Ruby Thread Basics

Create One Thread


t = Thread.new

When you run this program, you get:

ThreadError: must be called with a block

Let's use a block when we create the thread:

t = Thread.new { puts 'hello thread' }

Here we create a new thread separate from the main thread's execution using Thread.new. If you run this you will not see the 'hello thread' in the output. The reason is that the new thread gets killed when the main thread exits the program.

Joining a Thread


t = Thread.new { puts 'hello thread' }
t.join

Now you will see the output. The main thread waits for the child thread to finish before it exits the program.

Multiple Threads


Let's use an array for handling multiple threads at once.

threads = []
threads << Thread.new { puts 'hello from thread' }
threads << Thread.new { 3.times { puts 'I will not talk during the class' } }

When you run this, there is no output.

Joining Multiple Threads


threads = []
threads << Thread.new { puts 'hello from thread' }
threads << Thread.new { 3.times { puts 'I will not talk during the class' } }

threads.each { |t| t.join }

You can see now the threads run by taking turns. Run this program several times. Here I show only the output that is different from each run.

I will not talk during the classhello from thread

I will not talk during the class
I will not talk during the class
hello from threadI will not talk during the class

I will not talk during the class
I will not talk during the class
hello from thread
I will not talk during the class
I will not talk during the class
I will not talk during the class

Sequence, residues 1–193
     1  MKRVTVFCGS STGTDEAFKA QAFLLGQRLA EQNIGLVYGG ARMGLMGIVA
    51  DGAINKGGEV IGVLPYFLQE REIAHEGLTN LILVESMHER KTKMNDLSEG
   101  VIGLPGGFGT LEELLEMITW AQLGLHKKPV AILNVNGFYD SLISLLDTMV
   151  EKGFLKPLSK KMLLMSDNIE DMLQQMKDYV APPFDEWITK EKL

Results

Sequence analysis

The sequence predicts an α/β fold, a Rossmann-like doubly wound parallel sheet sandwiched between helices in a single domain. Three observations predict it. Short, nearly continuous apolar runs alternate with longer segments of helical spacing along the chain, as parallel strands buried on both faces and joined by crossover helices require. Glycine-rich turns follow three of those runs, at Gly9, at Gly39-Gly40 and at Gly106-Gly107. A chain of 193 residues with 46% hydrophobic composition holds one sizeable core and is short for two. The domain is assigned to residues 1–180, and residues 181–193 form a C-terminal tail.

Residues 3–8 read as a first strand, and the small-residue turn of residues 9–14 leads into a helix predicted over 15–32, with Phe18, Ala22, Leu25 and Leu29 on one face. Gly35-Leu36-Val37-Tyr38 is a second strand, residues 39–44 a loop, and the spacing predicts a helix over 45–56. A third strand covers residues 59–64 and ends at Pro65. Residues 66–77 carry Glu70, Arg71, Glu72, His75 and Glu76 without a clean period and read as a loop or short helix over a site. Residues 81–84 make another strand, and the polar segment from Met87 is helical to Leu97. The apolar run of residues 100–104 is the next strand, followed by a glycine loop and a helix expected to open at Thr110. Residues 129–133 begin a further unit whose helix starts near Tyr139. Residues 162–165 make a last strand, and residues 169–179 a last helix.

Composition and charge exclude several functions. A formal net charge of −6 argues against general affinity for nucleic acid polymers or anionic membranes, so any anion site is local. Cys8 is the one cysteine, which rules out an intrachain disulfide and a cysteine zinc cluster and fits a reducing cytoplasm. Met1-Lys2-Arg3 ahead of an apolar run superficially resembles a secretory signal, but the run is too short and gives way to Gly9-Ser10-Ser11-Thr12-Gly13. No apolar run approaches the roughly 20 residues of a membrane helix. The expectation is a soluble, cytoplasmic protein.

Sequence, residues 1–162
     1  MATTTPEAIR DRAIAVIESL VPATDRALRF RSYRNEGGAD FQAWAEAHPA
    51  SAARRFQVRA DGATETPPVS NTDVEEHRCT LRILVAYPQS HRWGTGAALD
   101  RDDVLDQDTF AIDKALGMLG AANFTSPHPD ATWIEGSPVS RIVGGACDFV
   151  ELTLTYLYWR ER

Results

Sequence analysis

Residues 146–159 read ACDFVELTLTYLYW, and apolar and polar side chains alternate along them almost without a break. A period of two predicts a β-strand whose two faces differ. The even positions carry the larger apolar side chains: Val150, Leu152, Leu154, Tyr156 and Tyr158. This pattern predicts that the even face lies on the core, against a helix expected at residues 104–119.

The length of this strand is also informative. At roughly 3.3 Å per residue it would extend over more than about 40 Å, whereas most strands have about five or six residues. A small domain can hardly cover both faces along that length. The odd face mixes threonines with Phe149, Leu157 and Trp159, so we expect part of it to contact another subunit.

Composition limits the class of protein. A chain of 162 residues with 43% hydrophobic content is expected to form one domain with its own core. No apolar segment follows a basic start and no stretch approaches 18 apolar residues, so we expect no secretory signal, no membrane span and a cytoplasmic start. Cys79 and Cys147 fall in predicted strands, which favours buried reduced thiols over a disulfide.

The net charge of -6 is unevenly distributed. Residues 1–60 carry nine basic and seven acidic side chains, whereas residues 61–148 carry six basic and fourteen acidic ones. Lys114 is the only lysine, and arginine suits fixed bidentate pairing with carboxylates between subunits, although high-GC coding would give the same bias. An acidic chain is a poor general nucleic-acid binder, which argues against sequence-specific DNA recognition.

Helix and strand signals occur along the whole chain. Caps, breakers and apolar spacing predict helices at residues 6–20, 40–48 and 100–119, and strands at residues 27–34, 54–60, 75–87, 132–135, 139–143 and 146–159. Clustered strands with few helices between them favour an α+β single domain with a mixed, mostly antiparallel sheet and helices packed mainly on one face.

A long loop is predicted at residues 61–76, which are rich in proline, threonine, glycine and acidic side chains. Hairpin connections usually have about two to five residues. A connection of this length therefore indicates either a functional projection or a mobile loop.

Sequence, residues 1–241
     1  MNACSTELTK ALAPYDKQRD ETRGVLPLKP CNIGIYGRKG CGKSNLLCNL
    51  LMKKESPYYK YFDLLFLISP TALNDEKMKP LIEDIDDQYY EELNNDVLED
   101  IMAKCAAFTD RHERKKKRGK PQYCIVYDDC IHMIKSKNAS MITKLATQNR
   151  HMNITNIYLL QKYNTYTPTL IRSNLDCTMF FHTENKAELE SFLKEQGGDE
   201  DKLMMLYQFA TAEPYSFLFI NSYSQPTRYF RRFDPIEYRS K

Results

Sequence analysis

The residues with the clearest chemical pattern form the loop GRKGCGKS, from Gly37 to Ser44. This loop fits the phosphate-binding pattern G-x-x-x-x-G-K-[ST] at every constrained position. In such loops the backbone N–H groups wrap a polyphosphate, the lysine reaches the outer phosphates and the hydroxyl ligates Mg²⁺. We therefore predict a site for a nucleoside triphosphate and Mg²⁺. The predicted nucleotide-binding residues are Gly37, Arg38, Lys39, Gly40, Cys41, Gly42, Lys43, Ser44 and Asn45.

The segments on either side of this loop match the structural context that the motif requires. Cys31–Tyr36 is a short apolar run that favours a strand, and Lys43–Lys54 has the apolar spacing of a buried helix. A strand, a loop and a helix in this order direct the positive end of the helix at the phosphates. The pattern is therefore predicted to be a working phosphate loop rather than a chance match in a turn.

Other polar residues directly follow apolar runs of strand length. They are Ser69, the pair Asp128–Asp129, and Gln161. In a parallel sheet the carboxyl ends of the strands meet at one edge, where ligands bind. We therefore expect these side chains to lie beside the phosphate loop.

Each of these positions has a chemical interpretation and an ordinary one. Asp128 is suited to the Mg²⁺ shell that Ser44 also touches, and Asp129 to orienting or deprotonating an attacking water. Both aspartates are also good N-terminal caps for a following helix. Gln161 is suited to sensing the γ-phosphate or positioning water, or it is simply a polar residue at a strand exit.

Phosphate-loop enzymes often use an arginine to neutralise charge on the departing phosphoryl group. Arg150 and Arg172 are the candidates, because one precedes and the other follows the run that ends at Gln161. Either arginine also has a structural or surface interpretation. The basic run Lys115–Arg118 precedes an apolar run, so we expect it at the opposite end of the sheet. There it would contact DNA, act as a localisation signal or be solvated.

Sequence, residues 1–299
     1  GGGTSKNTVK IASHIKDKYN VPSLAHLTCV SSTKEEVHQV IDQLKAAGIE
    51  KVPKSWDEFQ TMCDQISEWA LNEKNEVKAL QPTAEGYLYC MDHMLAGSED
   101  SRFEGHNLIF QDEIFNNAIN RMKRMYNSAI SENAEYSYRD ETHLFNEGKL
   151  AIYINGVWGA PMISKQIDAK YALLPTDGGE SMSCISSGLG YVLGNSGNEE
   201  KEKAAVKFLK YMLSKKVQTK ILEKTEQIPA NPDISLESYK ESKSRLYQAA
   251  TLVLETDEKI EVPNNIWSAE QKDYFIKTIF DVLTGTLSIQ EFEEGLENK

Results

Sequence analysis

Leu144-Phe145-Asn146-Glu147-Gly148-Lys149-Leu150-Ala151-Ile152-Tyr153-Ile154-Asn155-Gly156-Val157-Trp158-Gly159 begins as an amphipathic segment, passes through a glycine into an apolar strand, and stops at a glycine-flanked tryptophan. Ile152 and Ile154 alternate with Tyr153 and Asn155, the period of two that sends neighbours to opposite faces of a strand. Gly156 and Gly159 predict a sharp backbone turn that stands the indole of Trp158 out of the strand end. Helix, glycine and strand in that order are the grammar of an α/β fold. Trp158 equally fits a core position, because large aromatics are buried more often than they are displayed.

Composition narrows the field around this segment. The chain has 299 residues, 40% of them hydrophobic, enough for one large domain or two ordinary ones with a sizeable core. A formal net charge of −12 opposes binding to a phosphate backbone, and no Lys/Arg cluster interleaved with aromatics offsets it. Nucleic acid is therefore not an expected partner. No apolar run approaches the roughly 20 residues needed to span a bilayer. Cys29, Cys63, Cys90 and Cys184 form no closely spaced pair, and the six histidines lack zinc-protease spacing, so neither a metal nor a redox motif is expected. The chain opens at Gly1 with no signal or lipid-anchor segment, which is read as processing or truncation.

As you can see from the output, you cannot predict which thread will run first. The scheduler picks one of the threads that is in ready to run state and gives it time to run in the CPU.

Long Running Thread


result = 0

v = Thread.new do
  puts 'Other Thread : A long process goes here'
  sleep 5
  result = 10
end

puts 'Main Thread : do other stuff while other thread is running'
puts 'Main Thread : now wait for the thread to finish'
v.join

puts "Main Thread : The result is #{result}"

Here is the output of this program for one of my runs:

Main Thread : do other stuff while other thread is running
Main Thread : now wait for the thread to finish
Other Thread : A long process goes here
Main Thread : The result is 10

The main thread will wait for the long running thread to finish before the program exits. Though you don't have to, it's a good idea to always use #join to close the threads that you create to ensure that any cleanup code in your threads runs before your program exits.

Quiz

  1. What is the value of the result before the join call? Why do you see that value?
  2. What is the value of the result after the join call? Why do you see that value?

You can add the puts statement to verify your answers to these questions.

Current Thread


result = 0

v = Thread.new do
  puts "Child Thread : #{Thread.current} "
  puts 'Other Thread : A long process goes here'
  sleep 5
  result = 10
end

puts "Main Thread : #{Thread.current} do other stuff in main thread"
puts 'Main Thread : now wait for the thread to finish'
v.join
puts Thread.current
puts "Main Thread : The result is #{result}"

Here is the output from one of the runs of this program:

Main Thread : <Thread:0x000001010cb7d0> do other stuff in main thread
Child Thread : <Thread:0x0000010123c8f8> 
Other Thread : A long process goes here
Main Thread : now wait for the thread to finish
<Thread:0x000001010cb7d0>
Main Thread : The result is 10

If you run this program several times, you will see the thread gets its turn based on when it gets a chance to run. There is no guarantee the output you see will be the same everytime you run this program. We are using the Thread.current method to identify the thread. It is unique for any given thread.

Summary


In this article, you learned how to create one thread, many threads, using join and current. In the next article we will learn about deadlocks and how to use strace to view details about a program that is in deadlock.


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